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Sometimes You Get The Right People But In The Wrong Jobs

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One of the hardest things for a project manager to do is allocate his people according to their strengths and weaknesses. Some people thrive in certain situations, while others might not do as well. When this happens it can lead to problems within your project. It is important for the project manager to realize that it just might be a situation where you have the right people on board, but they are in the wrong jobs. It's like the old problem of trying to fit in square pegs into round holes. You can do it, but it takes a lot of pounding and both sides have damage. When people are in the wrong jobs they tend to get bored, lose focus, and lose confidence in themselves.

In the fast paced world of business, there are always deadlines looming over the horizon that comes up very quick. In an effort to stay ahead, and keep their clients happy companies will have to cross-train people, shuffle resources, and place people in situations where they are not comfortable. The project manager then has to motivate them to do above their best and it can be frustrating.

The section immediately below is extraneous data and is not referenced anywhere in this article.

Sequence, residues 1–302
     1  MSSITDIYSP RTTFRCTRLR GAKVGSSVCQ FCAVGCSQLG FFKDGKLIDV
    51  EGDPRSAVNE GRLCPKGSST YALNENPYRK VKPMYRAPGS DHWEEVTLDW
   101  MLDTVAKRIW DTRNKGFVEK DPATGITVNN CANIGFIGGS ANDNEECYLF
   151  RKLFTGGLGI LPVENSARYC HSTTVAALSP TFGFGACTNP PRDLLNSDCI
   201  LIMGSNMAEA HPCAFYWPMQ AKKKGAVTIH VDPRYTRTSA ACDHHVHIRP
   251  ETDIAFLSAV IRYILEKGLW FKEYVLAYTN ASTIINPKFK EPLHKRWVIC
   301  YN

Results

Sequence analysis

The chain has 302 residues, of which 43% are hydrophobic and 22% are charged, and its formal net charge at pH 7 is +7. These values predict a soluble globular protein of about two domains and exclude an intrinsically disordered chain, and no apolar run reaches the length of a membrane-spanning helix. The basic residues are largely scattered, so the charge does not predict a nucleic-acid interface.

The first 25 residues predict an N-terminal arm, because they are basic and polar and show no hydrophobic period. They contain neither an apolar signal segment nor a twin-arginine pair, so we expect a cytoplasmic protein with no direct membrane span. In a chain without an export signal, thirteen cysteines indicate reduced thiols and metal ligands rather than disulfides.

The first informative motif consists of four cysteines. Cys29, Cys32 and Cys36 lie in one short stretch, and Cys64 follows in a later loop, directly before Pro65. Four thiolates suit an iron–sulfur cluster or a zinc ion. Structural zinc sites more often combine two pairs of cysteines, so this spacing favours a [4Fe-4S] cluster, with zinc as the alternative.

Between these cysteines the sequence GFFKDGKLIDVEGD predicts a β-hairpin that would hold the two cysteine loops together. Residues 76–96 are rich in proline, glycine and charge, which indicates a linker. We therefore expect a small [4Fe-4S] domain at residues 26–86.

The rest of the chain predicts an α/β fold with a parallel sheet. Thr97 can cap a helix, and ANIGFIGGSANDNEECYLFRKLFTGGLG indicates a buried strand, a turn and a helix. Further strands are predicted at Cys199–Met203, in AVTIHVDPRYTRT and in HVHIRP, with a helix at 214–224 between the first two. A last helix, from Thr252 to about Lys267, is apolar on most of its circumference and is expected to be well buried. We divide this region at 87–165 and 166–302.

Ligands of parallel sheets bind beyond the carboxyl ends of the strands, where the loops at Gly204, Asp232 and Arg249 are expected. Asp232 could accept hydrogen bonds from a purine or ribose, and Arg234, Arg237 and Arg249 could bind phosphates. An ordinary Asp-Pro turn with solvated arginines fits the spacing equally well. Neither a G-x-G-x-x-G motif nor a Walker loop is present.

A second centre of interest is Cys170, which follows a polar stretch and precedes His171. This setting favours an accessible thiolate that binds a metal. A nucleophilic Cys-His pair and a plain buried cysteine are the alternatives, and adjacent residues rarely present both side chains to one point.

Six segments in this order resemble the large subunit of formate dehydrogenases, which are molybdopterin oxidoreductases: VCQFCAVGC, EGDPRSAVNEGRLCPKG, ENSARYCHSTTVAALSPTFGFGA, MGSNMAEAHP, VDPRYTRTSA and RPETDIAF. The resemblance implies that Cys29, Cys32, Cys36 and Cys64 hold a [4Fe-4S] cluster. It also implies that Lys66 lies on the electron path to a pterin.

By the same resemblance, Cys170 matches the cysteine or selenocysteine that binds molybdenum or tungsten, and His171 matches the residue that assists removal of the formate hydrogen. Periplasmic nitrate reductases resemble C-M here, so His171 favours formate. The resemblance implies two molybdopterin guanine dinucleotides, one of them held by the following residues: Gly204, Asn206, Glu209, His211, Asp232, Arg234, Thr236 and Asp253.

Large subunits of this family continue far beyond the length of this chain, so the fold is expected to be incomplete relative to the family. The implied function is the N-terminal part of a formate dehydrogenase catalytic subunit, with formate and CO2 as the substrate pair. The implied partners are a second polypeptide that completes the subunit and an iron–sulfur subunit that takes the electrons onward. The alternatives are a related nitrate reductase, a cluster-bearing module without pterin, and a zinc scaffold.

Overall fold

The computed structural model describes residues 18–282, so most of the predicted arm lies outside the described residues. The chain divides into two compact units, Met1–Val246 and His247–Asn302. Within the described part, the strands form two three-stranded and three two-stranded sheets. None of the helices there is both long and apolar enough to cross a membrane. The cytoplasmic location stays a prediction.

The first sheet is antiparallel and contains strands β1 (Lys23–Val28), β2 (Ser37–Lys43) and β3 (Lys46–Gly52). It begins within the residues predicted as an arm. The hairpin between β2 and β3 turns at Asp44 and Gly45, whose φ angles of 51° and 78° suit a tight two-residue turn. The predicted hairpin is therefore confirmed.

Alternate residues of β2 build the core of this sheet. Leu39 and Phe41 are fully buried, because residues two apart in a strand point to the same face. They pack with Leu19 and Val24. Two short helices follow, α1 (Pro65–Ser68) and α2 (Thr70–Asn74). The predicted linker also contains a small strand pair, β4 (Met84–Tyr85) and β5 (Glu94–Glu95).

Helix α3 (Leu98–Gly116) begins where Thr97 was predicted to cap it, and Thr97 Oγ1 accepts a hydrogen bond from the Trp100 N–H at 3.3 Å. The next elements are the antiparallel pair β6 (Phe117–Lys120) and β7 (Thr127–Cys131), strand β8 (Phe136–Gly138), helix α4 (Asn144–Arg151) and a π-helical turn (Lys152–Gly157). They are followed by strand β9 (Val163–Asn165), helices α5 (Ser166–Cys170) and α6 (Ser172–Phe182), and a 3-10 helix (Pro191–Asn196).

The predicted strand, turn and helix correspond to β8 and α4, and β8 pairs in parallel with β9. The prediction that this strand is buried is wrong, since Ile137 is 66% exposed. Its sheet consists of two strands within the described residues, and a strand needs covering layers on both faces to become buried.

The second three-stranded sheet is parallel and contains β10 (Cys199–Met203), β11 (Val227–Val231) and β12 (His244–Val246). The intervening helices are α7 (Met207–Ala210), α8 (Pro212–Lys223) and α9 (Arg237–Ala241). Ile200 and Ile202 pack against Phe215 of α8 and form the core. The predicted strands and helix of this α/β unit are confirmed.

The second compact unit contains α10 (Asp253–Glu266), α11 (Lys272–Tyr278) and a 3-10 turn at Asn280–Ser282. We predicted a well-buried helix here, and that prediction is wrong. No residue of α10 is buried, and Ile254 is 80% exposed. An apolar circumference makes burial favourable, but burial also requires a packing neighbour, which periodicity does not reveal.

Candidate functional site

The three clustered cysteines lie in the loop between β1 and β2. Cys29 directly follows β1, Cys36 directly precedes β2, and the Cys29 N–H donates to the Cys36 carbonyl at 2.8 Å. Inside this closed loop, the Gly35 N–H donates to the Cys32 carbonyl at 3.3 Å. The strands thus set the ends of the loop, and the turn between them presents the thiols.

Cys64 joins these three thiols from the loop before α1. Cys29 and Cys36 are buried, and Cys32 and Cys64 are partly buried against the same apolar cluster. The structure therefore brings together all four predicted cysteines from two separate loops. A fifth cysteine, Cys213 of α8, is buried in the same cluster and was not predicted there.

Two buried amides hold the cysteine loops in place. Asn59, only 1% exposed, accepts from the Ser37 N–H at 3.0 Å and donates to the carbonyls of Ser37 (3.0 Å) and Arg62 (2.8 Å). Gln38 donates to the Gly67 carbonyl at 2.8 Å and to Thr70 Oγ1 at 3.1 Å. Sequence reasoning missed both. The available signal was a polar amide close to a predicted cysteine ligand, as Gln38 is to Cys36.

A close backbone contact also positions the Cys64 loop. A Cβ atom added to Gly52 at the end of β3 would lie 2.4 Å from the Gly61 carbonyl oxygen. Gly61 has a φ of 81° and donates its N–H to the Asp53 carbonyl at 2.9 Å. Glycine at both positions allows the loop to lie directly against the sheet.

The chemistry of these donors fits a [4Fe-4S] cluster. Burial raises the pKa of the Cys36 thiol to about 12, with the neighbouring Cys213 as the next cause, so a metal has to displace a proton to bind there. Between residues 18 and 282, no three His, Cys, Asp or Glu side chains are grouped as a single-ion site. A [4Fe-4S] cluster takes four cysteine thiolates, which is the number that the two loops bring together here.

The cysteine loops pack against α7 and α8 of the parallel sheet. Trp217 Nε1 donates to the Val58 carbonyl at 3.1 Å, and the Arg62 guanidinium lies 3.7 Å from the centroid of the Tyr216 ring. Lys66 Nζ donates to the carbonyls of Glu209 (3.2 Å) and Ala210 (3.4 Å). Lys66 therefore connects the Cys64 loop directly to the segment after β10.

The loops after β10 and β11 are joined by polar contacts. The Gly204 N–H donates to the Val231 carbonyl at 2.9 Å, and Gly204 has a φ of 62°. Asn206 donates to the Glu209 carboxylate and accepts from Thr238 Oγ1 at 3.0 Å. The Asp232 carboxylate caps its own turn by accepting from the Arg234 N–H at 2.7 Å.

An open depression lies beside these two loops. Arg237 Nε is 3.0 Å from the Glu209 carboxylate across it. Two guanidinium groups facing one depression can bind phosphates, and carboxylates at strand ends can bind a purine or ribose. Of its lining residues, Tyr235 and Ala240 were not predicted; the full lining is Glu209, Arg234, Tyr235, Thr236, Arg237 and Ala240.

What companies should do rather than shuffle, and push, is to plan ahead for being able to place the right people in the right places, rather than in the wrong places.



Identification

This process starts by identifying where the strengths and weaknesses of their employees lies. For instance if one person is skilled at programming complex software while another is more skilled at graphics and designing, that is where they should be applying their skills. Test each person, evaluate, and identify in what position they would do the best work. There are plenty of tools available for screening and evaluating the people within your company that can pinpoint their strengths. Use these to set up a plan where people are working on in certain areas, environments, and tasks that they are comfortable with, and will thrive in.

Know Your People

Sometimes people are not put into positions by mistake, but want those positions. Someone who is a hand on type person is the wrong person for becoming a project manager. His right job would be in actually doing the project. He's the right person for the project, but in the wrong job as manager. This can happen, when someone wants to move up the ranks and take a position not suited for him for more money, prestige, and/or advancement.

A company must know the people they have working for them. If someone is not going to be happy in a particular job, then you should talk with them and explain to them that it isn't their skills, or their ability to lead, and that it isn't where they should be.

Having the right people in the wrong job can be fixed, but you have to recognize it before it can do a lot of damage to your project, team, and company.
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 environments  lying  methods  weaknesses  strengths  project managers  situations  cross


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